The Internet of Things involves the blending of a lot of new and a lot of old.
Over the weekend, many tall ships sailed into Boston Harbor at an event called Sail Boston, part of the Rendez-Vous 2017 Tall Ships Regatta, a transatlantic race celebrating the 150th anniversary of the Canadian Confederation. The Regatta covers 7,000 nautical miles and visits six countries, with Boston being the only stop in the U.S.
The oldest of the 55 ships was built in 1893 and the newest in 2016.
I spent some time on two of the most significant ships, the 295-foot U.S. Coast Guard Eagle and the 379-foot Tall Ship Union from Peru, the largest ship in the fleet, to check out some of the old and the new.
In true IoT fashion, the Union, built in 2015 and carrying a crew of 250, has all the latest gadgetry in its high-tech bridge. There are sensors throughout the ship that show on a large screen the current status of energy generation and usage, water on board and the status of each system, whether running or not.
This is in addition to digital displays of charts, speeds, depths and various other measurements along with keyboards and multiple communications systems.
The ship is clearly designed to tap the latest connected technologies for operations, navigations and many other functions.
However, on a very large table in the same pilothouse was a large paper chart, on which manual chart plotting tools, including a parallel ruler and a pencil, about as old school as you can get.
The ship officer showing me the technology said they do not totally rely on the technology, but rather the actual paper course plotting. I asked why, with all the state-of-the-art technological capabilities provided, they would rely on a paper-plotted course rather than the technology. “We don’t totally trust it,” he said.
I found a somewhat similar situation on the U.S. Coast Guard Eagle, which was built in 1936 and is used as a training ship for cadets.
Rather than digital sensors like the Union, the Eagle uses video cameras to track every important function in the ship. There’s a screen in the wheelhouse showing all the camera angles as well as a large TV-sized screen showing all the camera feeds in the officers’ meeting room below deck.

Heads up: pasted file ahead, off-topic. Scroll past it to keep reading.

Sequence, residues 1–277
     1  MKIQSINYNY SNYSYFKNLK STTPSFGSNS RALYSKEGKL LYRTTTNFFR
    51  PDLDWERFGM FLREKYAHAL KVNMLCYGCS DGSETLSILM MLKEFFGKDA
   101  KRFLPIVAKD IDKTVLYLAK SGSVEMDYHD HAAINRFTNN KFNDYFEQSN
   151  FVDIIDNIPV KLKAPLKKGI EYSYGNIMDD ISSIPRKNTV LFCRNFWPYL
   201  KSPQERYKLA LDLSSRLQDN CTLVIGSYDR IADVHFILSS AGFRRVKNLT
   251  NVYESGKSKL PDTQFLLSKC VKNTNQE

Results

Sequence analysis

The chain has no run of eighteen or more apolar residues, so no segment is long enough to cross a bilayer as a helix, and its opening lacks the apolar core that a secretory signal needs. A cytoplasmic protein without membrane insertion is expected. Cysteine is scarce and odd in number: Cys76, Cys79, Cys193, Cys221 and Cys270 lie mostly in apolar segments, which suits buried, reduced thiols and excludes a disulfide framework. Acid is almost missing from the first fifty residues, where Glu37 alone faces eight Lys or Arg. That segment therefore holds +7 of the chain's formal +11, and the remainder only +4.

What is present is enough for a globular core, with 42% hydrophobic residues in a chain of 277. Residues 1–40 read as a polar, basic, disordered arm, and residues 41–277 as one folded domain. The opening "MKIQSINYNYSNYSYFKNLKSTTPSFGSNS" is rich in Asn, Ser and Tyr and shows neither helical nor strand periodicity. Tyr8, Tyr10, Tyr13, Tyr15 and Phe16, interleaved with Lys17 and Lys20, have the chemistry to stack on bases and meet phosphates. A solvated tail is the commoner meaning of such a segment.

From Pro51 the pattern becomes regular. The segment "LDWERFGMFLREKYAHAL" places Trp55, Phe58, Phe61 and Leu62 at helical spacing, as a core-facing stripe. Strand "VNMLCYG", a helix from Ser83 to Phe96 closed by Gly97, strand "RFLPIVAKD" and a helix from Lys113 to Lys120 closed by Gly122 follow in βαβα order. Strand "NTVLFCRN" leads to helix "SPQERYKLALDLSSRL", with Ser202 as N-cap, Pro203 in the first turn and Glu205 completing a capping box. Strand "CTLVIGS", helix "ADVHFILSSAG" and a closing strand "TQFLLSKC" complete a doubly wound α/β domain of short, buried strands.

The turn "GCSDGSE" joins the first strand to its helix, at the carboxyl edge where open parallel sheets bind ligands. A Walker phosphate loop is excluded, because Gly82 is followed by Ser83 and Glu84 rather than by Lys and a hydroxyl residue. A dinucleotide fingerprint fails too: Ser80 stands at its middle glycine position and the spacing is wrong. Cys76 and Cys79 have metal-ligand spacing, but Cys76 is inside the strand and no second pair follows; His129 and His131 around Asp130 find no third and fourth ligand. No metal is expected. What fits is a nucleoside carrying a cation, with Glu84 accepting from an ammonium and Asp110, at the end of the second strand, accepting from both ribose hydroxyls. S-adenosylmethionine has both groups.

The ship also has all the digital technology needed to navigate.
However, as part of the training while at sea, all the technology is turned off at times so the cadets learn how to navigate and run the ship without any technology, Coast Guard Lt. Eric Johnson told me during my ship tech tour.
The cadets learn the technology but are trained to work without it.
Meanwhile, shipbuilders in Japan are working to develop an artificial-intelligence-driven steering system that, using various IoT technologies, would simultaneously gather and analyze data about weather while at sea, shipping information and dangerous obstacles, according to a report in Nikkei Asian Review.
The smart ships would use AI to predict malfunctions and plot the most fuel-efficient and safest routes. The plan is to build more than 200 self-navigating systems, and the end goal is to implement fully unmanned shipping sometime in the future.
In a tragic irony on Saturday, a Japanese cargo ship and U.S. Navy destroyer collided just outside of Tokyo Bay, with a defense expert telling The Daily Mail that he believed the container ship was on autopilot, which many ships use while at sea.
AI and IoT technology is being tapped in every industry, from shipping to retail, automotive, travel and hospitality.
However, as the technology rapidly advances, human factors and human interactions still have a major role.
If a sensor on the Union ship detects a problem, someone has to actually deal with it. For the cameras to be effective on the Eagle, someone has to be monitoring the video feeds.
Automation thanks to connected things is growing. So is the need for people monitoring the connected and automated things.